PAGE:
REVIEW: The Unwritten: Tommy Taylor and the Bogus Identity

Mike Carey, Peter Gross et al. Vertigo Comics $9.99, 144 pages
Mike Carey, Peter Gross et al.

Vertigo Comics

$9.99, 144 pages

There are few comic books out there which openly strive to be literature. The Unwritten is one of them, but it is far more than that.

Its first volume, collecting the first five issues of the series in 2009, sets the stage for the driving theme of the work, that of a literary cabal who determines what stories will and will not be told so as to guide the path of the world.

The Unwritten is a work that makes us question the very concept of our own free will. Are we truly free to choose any path, or are our options defined by the tales we consume, limited by genre norms?

The main story follows a character who is both person and fiction within his own world. Tom Taylor, supposed inspiration for the Tommy Taylor books (an overt and self-conscious reference to the Harry Potter series, both profits from his namesake and is imprisoned by its power. He is hounded by fans, from literary scholars to cosplayers who imitate the book’s Voldemortian nemesis.

As Tom’s own life begins to crumble around him, he begins to discover that there is more to his relationship with his fictional self than he ever thought possible.

Tom’s world is intruded upon by the cabal that manipulated his father, and we come to learn that Wilson Taylor was far from the only author to have his path altered by these unseen forces. Rudyard Kipling, Samuel Clemens, and Oscar Wilde all fall victim in one manner or another to their machinations.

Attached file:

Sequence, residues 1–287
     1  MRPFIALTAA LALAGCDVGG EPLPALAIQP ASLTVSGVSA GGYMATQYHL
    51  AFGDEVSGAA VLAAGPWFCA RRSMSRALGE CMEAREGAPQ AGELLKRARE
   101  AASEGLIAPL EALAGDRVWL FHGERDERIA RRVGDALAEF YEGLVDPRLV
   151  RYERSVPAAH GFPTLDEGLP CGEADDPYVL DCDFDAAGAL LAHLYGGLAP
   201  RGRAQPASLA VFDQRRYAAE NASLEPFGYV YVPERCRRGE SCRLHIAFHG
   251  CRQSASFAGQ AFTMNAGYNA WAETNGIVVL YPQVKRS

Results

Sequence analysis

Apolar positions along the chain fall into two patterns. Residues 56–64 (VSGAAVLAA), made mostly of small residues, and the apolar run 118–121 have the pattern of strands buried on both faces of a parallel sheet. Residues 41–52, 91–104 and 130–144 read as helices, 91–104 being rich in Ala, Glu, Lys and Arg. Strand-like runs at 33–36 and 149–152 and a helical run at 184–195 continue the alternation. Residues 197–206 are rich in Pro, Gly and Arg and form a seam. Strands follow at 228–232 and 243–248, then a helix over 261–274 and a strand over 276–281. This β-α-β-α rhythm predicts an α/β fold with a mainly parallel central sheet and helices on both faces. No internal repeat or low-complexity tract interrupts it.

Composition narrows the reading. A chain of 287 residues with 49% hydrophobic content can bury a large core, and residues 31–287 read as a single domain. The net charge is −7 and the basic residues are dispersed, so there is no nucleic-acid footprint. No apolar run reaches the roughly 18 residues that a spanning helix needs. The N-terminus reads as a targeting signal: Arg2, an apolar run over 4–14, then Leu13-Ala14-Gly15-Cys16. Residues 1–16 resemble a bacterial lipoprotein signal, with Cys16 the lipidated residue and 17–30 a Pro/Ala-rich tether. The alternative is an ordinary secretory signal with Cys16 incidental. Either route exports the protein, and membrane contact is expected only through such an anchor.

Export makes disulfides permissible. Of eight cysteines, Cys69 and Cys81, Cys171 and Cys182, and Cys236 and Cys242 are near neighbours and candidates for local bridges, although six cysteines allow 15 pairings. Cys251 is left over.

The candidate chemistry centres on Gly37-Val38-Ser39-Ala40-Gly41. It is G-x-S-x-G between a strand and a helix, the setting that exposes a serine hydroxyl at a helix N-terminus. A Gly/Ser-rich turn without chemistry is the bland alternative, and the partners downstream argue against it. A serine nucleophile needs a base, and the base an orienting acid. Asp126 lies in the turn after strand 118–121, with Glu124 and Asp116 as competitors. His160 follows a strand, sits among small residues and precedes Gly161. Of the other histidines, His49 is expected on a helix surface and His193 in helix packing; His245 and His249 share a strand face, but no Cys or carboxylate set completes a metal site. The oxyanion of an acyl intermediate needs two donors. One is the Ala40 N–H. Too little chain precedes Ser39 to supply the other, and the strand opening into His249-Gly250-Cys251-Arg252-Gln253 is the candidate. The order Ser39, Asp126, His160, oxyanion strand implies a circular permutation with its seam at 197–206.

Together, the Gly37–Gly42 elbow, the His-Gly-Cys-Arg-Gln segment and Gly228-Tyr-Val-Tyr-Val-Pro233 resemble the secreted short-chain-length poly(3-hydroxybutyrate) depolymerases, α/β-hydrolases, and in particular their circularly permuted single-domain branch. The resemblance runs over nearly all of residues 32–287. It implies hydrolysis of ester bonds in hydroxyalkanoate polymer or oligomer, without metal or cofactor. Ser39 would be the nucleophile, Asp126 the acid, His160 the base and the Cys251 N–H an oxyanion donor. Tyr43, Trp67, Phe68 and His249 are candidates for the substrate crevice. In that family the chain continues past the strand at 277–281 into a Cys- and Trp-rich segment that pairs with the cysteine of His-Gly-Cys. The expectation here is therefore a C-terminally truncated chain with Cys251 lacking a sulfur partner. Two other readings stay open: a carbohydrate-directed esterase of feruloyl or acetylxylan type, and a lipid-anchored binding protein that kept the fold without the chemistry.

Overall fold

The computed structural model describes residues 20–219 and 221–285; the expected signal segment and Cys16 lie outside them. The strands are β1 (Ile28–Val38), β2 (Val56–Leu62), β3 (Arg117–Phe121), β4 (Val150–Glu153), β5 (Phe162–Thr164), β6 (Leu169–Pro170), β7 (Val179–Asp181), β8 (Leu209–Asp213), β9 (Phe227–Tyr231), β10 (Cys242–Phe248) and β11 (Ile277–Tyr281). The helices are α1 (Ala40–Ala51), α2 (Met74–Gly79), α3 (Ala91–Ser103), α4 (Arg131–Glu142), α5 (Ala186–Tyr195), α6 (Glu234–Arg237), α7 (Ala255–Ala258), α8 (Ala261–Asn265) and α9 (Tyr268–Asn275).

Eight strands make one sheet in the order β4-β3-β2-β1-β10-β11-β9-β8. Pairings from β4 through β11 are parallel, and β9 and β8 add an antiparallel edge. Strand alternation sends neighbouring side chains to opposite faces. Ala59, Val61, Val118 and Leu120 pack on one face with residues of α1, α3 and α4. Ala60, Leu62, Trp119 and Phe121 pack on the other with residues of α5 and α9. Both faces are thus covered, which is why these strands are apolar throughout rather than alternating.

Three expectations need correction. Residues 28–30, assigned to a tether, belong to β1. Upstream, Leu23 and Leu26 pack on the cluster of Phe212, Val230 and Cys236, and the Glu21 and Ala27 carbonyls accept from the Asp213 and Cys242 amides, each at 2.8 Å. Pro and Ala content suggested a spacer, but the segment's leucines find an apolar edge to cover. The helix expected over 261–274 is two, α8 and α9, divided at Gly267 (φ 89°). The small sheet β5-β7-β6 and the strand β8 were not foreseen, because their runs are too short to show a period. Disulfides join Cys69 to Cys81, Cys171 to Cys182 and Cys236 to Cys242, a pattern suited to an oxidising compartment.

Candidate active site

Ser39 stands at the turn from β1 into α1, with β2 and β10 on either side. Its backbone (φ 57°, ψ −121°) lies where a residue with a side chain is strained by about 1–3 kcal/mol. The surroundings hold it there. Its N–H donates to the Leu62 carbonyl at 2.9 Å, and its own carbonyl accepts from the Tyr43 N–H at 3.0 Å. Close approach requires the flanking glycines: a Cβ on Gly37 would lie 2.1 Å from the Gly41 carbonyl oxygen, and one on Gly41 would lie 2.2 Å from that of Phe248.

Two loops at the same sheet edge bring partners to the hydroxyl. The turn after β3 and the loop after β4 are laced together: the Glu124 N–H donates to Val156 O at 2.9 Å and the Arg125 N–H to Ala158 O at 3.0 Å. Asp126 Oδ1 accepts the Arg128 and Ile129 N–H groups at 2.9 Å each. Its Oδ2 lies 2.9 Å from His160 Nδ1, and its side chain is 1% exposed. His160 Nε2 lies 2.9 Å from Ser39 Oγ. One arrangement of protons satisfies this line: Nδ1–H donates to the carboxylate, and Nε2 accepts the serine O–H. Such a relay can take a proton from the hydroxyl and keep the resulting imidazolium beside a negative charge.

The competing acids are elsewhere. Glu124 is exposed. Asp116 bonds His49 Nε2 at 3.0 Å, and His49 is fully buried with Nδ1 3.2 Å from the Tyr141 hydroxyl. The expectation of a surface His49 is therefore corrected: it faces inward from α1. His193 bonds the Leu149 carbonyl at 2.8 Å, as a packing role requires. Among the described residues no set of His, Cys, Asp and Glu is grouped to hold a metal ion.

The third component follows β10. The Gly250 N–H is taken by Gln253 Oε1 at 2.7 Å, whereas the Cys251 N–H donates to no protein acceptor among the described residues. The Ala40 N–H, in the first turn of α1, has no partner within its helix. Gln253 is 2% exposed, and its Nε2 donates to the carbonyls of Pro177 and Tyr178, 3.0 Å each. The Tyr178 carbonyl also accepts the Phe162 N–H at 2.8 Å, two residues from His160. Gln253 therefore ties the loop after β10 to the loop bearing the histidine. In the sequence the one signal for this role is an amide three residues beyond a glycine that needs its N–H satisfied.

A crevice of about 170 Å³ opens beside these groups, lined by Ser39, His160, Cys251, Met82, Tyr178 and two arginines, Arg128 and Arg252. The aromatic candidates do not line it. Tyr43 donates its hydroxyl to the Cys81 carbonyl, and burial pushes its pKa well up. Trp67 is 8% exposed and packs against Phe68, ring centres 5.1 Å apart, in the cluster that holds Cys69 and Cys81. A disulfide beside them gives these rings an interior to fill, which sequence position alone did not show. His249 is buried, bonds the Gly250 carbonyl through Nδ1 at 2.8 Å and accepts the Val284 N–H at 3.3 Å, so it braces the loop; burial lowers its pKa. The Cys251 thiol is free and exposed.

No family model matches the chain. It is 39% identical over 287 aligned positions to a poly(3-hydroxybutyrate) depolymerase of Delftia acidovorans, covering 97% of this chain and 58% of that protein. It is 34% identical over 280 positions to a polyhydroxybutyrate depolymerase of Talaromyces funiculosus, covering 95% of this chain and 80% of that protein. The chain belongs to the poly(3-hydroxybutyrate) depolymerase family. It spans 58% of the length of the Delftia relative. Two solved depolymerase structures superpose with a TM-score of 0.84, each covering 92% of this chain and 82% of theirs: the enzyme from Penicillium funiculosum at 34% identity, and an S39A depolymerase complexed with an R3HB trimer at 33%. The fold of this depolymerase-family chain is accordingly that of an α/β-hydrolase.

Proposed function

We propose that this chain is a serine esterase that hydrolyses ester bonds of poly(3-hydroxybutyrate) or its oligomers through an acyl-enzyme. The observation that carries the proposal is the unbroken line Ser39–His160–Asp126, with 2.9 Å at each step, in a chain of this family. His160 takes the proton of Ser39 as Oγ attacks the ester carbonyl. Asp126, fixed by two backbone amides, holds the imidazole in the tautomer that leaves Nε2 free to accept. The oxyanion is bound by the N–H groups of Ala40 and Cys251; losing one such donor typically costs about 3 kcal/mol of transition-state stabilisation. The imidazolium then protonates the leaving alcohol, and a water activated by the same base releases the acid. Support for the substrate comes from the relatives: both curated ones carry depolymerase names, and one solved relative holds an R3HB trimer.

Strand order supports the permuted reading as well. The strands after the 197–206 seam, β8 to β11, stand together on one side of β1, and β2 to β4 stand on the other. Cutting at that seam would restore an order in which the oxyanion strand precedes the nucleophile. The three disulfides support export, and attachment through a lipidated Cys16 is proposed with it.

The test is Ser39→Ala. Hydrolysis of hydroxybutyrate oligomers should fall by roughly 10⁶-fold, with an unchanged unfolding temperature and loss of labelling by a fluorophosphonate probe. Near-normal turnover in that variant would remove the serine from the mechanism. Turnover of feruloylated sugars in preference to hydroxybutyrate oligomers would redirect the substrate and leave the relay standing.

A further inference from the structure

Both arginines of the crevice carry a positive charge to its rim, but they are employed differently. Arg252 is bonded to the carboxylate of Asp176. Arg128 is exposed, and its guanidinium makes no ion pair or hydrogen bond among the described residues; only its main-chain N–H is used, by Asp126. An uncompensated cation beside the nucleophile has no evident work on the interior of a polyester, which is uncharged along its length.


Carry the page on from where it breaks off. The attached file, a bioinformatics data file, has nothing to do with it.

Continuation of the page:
The Unwritten will, for literary scholars, seem like a riveting conspiracy story and, even for the uninitiated, will challenge long-held beliefs about the lives of some of the most famous figures in literary history.

To go into much more detail would rob the book of its powerful surprises, but suffice to say that this is one of the most engrossing books on the shelf right now. It seamlessly marries meta-fiction, history, and social commentary in a way that few books even attempt, much less succeed at.

The series is ongoing, so it’s worth your time to pick up the collected editions at your nearest retailer. If you get to Volume 2 before I pick it up from Westfield Comics, though, I may have to take a scythe to you.

Josh Epstein

Josh Epstein is the Publisher for the Capeless Crusader website. He’s a lifelong comic nerd, and “Superman” is the first word he ever read aloud. He is also an actor, singer, and resident of a real-world Smallville.

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